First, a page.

The former Immigration officer stated that the Toronto Region Investigator wore a police jacket at the arrest. The CSIS Investigator said that he wore a police jacket only once, at a later arrest of Tom Metzger. At that time, he had it on for only five minutes, at the request of the police, so that he would not be accidentally shot if a fire-fight broke out.

The Toronto Region Investigator added that he thought that the possession of the guns and the arrest were reported in an administrative report. The incident was mentioned briefly in a report but, to the best of our knowledge the report did not mention that guns were involved.

Press Accounts. According to one press account, Sean Maguire was arrested at gunpoint on September 20, 1991. When arrested, officers found in the car a 12 gauge shotgun, and an FN Semi-automatic assault rifle.[6] The driver and owner of the car, not reported, was Grant Bristow.

According to a Canadian Broadcasting Corporation broadcast, “the police were really hot to trot to lay gun charges against Grant. But A1 Treddenick was going around saying, Hey, he’s a friend of ours, which basically means this was our source.”[7] Member of Parliament Tom Wappel put it more succinctly to the Committee:

“I would like to know, has CSIS a source [Who] . . . committed acts contrary to the Criminal Code with the knowledge of CSIS and did CSIS protect the source from charges being laid?”

The Review Committee has found no evidence that any criminal or illegal act was committed by Grant Bristow or a Source of the Service in relation to the arrest of Sean Maguire and, consequently, the media accounts are wrong.


9.2 The Metzqer Visit

In June 1992, Tom Metzger, founder of the White Aryan Resistance (WAR) and his son John, among the most violent white supremacists in the United States, came to Canada at the behest of Wolfgang Droege.[9] Their arrival, arrest and departure was the basis for further allegations following the Toronto Sun’s August 14, 1994 article about a purported CSIS source.

9.2.1 Arrival and Deportation

Canada’s Immigration Branch had a country-wide alert out to stop the Metzgers at the Border. CSIS knew that the Metzgers were coming, but they did not have the travel details. We have learned that three days before the Metzgers’ arrival, CSIS attempted to learn the travel details of Droege’s guest, the Metzgers. Droege, however, was holding the specific details close to his chest. CSIS was aware of discussions about the Metzger’s arrival, but they were not sure of the meeting place. Droege disclosed that someone would be there (to bring them across the border), location unspecified. CSIS commented that it was possible that it was Drew Maynard who was meeting the Metzgers to bring them across the Canada-US border. The time and meeting place were still unknown.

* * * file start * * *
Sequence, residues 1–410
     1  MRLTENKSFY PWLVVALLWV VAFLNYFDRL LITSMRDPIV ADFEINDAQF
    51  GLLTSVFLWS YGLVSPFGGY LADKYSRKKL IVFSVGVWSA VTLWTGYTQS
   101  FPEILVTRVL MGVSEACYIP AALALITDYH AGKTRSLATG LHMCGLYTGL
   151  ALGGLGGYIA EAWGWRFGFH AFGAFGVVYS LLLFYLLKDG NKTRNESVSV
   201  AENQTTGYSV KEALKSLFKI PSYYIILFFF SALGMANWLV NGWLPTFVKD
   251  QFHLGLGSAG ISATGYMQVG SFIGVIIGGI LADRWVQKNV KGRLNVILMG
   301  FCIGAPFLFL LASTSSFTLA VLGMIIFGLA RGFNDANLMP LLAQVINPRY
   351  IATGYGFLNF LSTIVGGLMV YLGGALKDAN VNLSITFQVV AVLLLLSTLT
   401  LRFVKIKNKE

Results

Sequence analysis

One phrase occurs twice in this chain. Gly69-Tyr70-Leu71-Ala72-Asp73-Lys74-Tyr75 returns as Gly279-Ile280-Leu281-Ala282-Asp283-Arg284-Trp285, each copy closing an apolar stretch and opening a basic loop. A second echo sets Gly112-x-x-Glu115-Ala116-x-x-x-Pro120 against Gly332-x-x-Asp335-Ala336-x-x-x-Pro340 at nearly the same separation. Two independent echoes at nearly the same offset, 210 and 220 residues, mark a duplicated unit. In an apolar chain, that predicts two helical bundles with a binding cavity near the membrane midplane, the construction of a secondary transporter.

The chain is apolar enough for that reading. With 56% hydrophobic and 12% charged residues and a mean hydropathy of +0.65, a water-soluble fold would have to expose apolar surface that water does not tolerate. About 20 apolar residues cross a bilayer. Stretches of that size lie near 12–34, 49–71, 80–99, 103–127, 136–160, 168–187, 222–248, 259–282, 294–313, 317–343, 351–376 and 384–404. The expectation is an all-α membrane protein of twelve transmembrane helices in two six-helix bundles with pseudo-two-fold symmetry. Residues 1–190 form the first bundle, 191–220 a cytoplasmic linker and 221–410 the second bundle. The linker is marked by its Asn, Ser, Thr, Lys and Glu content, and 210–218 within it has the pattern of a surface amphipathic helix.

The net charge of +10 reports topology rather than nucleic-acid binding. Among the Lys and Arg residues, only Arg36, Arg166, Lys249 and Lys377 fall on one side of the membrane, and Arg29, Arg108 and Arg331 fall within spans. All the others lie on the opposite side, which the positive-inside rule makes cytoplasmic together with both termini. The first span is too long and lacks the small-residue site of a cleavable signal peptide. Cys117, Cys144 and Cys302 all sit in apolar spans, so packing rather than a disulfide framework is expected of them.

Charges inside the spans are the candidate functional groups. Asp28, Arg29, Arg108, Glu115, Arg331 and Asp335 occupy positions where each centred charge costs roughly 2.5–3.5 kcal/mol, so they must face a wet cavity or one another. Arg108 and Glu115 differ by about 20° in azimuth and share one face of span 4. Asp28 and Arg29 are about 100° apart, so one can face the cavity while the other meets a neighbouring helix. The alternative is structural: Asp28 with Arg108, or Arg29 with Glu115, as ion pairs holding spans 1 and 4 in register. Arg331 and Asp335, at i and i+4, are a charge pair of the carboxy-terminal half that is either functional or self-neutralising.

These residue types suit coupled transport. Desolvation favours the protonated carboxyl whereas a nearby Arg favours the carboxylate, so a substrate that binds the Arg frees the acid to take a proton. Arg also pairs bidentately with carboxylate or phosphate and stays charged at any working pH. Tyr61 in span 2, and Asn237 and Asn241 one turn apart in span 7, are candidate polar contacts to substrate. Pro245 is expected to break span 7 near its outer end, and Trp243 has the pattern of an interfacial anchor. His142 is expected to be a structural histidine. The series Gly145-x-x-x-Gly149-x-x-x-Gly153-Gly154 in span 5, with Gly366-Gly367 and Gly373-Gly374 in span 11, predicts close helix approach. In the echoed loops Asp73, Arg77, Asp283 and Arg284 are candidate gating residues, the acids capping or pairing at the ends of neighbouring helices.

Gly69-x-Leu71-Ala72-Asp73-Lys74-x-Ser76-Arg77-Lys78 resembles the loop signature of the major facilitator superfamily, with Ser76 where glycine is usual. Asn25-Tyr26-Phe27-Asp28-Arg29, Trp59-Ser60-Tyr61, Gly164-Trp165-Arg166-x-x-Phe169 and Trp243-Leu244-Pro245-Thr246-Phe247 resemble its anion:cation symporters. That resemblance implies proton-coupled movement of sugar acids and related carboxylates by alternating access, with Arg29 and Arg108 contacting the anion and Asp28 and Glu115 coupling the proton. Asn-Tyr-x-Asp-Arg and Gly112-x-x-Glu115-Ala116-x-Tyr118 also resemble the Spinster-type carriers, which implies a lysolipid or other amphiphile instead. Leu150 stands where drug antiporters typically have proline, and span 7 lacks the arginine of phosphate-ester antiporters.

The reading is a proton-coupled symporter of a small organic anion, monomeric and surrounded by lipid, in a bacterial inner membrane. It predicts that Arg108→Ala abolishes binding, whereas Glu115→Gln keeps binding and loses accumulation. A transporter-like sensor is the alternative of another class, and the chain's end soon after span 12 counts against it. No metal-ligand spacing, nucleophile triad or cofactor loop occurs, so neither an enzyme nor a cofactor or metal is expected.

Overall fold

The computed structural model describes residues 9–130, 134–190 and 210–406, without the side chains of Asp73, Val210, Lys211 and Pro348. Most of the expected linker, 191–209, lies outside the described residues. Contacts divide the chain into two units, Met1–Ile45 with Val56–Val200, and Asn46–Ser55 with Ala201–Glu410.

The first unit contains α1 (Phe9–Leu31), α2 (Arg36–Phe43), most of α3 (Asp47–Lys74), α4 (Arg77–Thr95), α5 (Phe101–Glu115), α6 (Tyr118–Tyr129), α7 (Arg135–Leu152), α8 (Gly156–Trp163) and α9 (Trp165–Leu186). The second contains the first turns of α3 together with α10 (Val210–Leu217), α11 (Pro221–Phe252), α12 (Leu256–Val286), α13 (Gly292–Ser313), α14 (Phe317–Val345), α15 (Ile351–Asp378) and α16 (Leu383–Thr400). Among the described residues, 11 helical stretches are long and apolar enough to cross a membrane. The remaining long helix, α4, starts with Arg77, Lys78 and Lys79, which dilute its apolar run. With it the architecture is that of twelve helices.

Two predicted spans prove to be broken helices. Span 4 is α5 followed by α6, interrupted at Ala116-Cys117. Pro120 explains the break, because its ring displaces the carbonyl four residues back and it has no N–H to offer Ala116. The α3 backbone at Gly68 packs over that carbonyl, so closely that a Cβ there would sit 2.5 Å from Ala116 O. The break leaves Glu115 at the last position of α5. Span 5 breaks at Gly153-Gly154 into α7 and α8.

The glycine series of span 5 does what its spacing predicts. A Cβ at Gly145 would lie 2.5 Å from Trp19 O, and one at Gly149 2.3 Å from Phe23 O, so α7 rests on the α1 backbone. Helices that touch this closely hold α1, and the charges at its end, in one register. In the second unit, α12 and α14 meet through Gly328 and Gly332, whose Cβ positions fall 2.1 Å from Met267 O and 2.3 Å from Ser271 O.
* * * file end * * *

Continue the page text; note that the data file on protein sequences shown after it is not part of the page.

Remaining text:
According to CSIS information, the Source played absolutely no role in bringing the Metzgers to Canada in June 1992. The Source knew they were coming up but he had no idea of how they were to come, and he backed off from the project for fear of arrest.[10]

At a debriefing with the handler, the Source was told not to worry about it and not to ask any questions.[11] The handler believed that the Source would have provided details if he had had them concerning the arrival of the Metzgers, and said that he would have been negligent not to ast for that information. He added, however, that he did not want the Source running around asking people what was going on and thus jeopardizing his credibility. He subsequently learned that the Metzgers slipped across the border at Fort Erie, but he never did discover who drove them across the border.[12]

CSIS was unable to uncover the specific travel plans of the Metzgers. The handler had no details on how the Metzgers entered Canada. The Source’s involvement at the time was to tell the handler when the Metzgers were in Canada. Immigration knew that the Metzgers were on their way, and they wanted to find out where and when they were coming, and to find out what they were wearing when they arrived.[13]

The handler was asked if the Source encouraged the Metzgers to come to Canada. He noted that the Source did not encourage Droege to invite big name White Supremacists but he would not have discouraged it either.

A television program alleged that there was a plot by the Metzgers and Heritage Front members to “storm” the Ontario legislature. According to the Source, there was some discussion in the Front about a “storming” and also about the possibility of the Metzgers presenting a petition. He noted, however, that there was little or no planning for either.[14] We have learned that Droege stated that obviously there was no intention of storming the Ontario Legislature. The intent was to cause a confrontation rather than commit an illegal act.